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It is a truth universally acknowledged that a towel is a massively useful thing for a hitchhiker to carry. However, one medium-sized towel cannot be all things to all mammals. Your traveling companion this evening was not a particularly hoopy frood, but rather a young kitten. Kittens cannot read, no matter how large and friendly the letters might be. Thus, the panic that might better have been contained by an actual cat carrier.

Cambridge

Aug. 5th, 2008 09:52 pm
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This afternoon, I saw another of those old bumper stickers that just say, "DRIVE NICELY" in large print, with "City of Cambridge" in smaller letters underneath. Somebody who gave me a ride home from Readercon had one of them, and told me the city had printed them a long time ago. I like to think they help, some. Maybe they just mark the old residents with good intentions, in case one wants to drive near them.

Last month, a librarian offered me a Cambridge Public Library Card when she noticed my Minuteman Library Card was cracked. Even though she knew perfectly well I'm not a Cambridge resident and never have been, she wanted to replace my library card for the network while we were standing at the desk talking about it. And she told me the Cambridge card was an art museum pass, as well as the library card all the Minuteman cards are. It gave me a warm fuzzy feeling about the city, on top of my usual warm fuzzy feeling about the library.

And now...something I had thought of as a feature of Waltham...Lizzy's Ice Cream is in Cambridge! Right in Harvard Square, across the street from the Lowe's cinema. When I could digest dairy products, I was impressed by the great texture of Lizzy's ice cream, the smell of their fruit ice creams, and their scrupulous care in labeling. The big list of flavors they put up on the wall marks which ice creams have trace alcohol, for instance. And they have complete ingredient lists for ice creams and toppings. This evening, I had strawberry sorbet (I could smell the fruit from across the room), and a chocolate thing they called "tofutti," though it wasn't much like trademarked "Tofutti." Lizzy's has a creamier texture, and tasted more like mild milk chocolate with caramel overtones, and less like soybeans.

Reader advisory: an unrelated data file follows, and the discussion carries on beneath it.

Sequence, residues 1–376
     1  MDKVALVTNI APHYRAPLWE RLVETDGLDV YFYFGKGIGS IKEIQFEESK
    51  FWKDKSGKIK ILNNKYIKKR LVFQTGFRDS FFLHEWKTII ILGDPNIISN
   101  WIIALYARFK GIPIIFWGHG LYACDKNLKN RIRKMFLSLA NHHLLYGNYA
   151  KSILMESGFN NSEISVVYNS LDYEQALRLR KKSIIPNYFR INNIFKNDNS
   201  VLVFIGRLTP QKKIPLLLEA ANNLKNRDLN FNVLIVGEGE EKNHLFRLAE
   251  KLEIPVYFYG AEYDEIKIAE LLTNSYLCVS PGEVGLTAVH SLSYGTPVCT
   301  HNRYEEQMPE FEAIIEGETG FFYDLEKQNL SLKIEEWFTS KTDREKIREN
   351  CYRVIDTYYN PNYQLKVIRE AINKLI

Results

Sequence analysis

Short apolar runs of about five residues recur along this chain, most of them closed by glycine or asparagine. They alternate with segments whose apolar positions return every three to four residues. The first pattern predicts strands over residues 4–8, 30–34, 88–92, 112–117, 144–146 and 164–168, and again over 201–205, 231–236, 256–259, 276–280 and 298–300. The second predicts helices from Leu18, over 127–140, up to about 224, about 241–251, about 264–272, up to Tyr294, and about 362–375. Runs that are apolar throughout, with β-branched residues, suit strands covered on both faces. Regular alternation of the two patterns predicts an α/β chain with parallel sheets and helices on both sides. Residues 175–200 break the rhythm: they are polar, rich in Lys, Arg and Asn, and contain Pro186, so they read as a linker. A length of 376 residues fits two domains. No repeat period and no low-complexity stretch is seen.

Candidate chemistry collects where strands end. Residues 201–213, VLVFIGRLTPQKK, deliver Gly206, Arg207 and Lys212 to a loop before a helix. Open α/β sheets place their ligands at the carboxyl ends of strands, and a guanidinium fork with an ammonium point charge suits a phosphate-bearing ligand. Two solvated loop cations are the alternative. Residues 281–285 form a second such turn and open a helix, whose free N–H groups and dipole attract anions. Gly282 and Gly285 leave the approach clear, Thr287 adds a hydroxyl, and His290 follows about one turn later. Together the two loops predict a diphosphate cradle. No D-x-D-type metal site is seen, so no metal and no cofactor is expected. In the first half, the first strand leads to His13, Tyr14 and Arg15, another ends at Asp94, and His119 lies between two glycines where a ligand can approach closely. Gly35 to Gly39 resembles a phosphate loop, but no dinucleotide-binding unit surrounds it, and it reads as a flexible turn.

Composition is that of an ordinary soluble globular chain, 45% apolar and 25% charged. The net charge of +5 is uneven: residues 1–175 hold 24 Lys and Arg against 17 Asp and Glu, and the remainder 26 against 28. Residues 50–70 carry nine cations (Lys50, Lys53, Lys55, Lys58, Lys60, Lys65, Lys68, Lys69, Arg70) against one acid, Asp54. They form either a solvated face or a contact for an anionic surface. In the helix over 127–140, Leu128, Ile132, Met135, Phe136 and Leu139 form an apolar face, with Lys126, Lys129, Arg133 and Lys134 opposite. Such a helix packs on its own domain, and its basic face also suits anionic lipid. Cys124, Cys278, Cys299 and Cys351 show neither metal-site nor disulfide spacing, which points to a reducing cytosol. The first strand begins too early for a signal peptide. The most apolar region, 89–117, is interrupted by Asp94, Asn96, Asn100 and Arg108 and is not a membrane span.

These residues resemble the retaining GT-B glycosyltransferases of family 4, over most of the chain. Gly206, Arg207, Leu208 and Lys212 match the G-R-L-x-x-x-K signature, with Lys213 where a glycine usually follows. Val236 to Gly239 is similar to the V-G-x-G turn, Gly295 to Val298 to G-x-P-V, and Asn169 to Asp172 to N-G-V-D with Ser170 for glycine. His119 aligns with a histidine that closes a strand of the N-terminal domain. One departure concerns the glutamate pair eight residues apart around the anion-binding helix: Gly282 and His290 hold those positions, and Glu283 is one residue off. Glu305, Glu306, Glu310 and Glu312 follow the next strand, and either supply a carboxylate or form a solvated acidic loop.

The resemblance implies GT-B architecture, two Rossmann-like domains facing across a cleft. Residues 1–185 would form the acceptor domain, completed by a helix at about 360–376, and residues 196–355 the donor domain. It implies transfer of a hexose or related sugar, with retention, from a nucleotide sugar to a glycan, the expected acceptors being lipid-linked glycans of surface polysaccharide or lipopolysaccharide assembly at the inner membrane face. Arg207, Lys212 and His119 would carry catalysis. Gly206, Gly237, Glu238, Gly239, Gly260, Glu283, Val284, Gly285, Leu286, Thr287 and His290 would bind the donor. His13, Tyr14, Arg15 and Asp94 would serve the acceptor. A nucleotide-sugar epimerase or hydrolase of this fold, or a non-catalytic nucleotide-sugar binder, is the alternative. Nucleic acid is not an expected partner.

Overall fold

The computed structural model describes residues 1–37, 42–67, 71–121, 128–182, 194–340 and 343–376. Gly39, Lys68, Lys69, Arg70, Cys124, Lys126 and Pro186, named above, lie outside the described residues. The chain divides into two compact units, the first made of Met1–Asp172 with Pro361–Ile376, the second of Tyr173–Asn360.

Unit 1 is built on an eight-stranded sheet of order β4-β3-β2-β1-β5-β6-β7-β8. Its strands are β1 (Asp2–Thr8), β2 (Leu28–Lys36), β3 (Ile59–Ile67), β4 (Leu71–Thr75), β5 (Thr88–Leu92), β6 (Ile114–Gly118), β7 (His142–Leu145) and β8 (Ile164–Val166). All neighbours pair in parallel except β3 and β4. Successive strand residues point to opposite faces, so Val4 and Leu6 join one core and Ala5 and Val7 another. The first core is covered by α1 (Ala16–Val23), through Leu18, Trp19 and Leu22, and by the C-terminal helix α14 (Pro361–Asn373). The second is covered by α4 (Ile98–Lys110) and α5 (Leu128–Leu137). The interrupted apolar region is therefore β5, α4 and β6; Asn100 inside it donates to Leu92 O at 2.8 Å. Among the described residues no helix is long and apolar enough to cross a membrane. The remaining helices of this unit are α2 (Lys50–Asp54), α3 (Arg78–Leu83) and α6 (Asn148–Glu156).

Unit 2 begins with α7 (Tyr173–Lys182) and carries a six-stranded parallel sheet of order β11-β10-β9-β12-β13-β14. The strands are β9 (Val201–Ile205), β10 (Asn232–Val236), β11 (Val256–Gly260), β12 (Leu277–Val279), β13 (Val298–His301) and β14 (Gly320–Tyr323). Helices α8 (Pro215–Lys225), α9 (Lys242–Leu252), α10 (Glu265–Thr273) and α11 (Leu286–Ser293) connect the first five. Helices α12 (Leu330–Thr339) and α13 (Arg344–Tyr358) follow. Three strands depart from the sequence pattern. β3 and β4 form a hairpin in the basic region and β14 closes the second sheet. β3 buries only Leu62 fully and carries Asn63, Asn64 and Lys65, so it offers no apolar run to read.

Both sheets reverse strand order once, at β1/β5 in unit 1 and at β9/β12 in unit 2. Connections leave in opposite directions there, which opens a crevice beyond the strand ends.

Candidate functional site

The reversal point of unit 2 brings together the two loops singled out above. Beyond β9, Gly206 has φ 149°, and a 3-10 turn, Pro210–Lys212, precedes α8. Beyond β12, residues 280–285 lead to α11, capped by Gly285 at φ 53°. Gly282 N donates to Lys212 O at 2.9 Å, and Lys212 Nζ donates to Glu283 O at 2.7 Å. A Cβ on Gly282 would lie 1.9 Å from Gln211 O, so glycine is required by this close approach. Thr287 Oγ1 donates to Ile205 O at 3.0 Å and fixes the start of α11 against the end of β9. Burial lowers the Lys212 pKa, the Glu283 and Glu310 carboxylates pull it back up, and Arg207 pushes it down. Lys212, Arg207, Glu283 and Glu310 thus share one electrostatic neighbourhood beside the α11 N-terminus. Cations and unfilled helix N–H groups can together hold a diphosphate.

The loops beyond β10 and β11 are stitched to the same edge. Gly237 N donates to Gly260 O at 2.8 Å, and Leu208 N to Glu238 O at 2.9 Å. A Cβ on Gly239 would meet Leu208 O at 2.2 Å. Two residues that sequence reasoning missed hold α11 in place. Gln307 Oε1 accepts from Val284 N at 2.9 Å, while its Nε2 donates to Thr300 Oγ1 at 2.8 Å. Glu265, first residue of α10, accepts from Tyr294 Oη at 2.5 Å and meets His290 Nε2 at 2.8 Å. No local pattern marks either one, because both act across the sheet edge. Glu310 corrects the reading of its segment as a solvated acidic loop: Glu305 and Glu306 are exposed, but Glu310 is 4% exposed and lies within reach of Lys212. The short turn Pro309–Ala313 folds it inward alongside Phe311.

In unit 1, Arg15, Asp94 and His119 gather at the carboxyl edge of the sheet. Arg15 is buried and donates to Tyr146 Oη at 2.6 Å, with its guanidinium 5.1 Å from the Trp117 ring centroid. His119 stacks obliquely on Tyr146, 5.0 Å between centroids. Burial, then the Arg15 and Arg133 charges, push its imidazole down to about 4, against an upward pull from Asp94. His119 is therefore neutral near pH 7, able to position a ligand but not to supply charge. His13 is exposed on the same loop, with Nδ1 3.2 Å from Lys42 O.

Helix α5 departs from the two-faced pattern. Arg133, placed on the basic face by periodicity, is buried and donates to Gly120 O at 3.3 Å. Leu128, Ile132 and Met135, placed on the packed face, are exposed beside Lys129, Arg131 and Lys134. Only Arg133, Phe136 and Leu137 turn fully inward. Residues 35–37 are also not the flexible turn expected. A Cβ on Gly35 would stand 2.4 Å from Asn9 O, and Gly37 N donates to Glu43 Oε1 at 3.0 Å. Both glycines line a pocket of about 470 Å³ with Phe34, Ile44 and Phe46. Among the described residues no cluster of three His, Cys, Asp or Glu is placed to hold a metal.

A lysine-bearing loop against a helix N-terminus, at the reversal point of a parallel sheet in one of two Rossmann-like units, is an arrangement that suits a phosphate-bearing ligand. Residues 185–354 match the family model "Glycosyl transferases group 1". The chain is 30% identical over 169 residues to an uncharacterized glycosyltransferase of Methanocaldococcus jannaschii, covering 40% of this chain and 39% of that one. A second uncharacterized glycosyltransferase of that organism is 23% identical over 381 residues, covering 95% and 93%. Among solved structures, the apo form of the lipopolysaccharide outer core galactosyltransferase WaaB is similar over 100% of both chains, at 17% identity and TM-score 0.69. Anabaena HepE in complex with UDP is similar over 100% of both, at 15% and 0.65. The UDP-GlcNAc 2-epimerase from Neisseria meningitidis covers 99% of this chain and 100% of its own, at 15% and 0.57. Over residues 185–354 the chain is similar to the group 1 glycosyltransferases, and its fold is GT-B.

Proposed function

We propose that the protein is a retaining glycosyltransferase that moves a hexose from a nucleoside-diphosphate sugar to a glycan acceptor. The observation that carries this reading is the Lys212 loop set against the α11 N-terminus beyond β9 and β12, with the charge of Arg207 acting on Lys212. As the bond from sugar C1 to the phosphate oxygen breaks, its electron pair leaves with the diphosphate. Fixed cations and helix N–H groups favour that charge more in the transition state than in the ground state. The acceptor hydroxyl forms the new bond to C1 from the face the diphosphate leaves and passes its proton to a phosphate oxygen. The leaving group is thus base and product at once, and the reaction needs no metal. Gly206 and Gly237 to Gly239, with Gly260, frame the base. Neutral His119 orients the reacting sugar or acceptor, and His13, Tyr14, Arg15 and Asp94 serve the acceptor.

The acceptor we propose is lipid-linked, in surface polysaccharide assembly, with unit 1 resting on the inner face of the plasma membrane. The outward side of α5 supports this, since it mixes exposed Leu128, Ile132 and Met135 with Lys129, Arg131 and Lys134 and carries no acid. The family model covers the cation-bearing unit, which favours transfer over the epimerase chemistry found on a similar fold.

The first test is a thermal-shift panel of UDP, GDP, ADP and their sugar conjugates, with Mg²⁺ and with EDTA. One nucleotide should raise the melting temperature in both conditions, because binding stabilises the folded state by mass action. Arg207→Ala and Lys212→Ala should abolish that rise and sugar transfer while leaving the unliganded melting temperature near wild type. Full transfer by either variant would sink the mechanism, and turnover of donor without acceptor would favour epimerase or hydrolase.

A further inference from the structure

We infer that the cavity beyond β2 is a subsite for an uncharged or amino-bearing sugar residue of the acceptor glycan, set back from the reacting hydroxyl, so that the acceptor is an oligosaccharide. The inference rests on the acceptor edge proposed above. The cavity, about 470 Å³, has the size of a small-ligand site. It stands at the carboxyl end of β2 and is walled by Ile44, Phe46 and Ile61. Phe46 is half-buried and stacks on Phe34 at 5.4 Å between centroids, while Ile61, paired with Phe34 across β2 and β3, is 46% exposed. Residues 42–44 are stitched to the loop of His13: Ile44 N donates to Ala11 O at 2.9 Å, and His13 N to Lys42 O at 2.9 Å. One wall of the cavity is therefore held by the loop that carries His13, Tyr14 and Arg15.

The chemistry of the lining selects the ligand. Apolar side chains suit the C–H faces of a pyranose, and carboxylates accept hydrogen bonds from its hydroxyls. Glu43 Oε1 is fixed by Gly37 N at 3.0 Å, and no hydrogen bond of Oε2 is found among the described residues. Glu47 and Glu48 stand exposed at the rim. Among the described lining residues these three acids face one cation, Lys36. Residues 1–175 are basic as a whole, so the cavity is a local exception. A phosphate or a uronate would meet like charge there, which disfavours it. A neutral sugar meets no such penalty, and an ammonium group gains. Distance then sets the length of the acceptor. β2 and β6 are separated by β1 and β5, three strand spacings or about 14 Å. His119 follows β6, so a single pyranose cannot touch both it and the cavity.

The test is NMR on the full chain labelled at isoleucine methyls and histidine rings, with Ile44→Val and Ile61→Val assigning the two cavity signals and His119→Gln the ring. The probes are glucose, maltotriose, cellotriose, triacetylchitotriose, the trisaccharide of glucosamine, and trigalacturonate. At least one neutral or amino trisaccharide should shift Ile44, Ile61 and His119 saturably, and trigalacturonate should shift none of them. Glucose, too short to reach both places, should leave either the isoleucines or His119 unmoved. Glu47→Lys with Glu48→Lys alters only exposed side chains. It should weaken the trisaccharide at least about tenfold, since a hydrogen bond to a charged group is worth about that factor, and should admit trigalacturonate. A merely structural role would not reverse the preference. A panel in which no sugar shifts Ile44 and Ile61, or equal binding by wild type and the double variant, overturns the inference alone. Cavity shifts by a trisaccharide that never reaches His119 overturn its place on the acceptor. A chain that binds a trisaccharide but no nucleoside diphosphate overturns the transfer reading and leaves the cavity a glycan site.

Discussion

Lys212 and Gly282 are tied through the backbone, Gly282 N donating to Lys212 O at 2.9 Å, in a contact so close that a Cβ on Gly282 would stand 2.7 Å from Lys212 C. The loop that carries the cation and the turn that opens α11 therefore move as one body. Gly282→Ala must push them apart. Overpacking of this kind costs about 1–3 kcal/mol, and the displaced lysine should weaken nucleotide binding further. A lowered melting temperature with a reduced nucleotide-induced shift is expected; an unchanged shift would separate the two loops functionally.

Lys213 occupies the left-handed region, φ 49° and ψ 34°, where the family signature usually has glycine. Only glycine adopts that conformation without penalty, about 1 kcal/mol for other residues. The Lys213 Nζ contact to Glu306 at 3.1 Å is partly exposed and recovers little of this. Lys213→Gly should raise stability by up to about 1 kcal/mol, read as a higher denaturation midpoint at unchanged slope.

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My Summer Vacation, by Adrian Turtle, age 40.

Saturday: slept almost all day.

Sunday: I tried to scoot to Arlington Heights. This was not a good idea at all. People on the bikeway laughed at me for wearing my helmet, denim jacket, and wrist guard to go along at 6 or 7mph. Furthermore, it was much too hot for my denim jacket. And the helmet was too old to be useful (I never fell on this one, but the foam degrades over time.) I was on the bikeway most of the time, but went through the business district in Arlington Heights proper. The business district with brick pavement. Bricks may be easy to repair, but they make a rough surface for steering a scooter over.

The main reason I was in Arlington Heights was that I thought there would be a community bulletin board in the Trader Joe's. Or the convenience store by the Penzeys. Or the hardware store. Or the Panera. Nope. There's one at the Foodmaster, but when I didn't see anybody advertising carpentry/handyman/furniture-repair services there, I thought it would be a good idea to check other likely locations. When I'm not in the market for the kinds of things that get advertised, I walk right by such bulletin boards without even looking. ("Everybody's looking for the same thing/Same thing it's plain to see/It's an old chevy, a bass player/A country house on 3 acres, 3 bedrooms/Absolutely free.")

I took the bus home. I had thrown away the helmet in Arlington Heights, after the guy at the bike shop convinced me it was useless and I should buy a new one. And my jacket was in my backpack after the first couple of blocks. But it was still pretty awful. I put the scooter away and went out on foot to use the nearest available ATM. To my surprise, THERE was a community bulletin board. Right in the entryway of the bank, behind where people stand to use the ATM. Dozens of people put up cards and flyers advertising different things, including one advertising exactly what I was looking for. I can't quite name what this says about public space, but I feel like it says *something*. That space in the bank is only accessible to people with bankcards. You don't have to pay to use it, but it's not exactly public, either.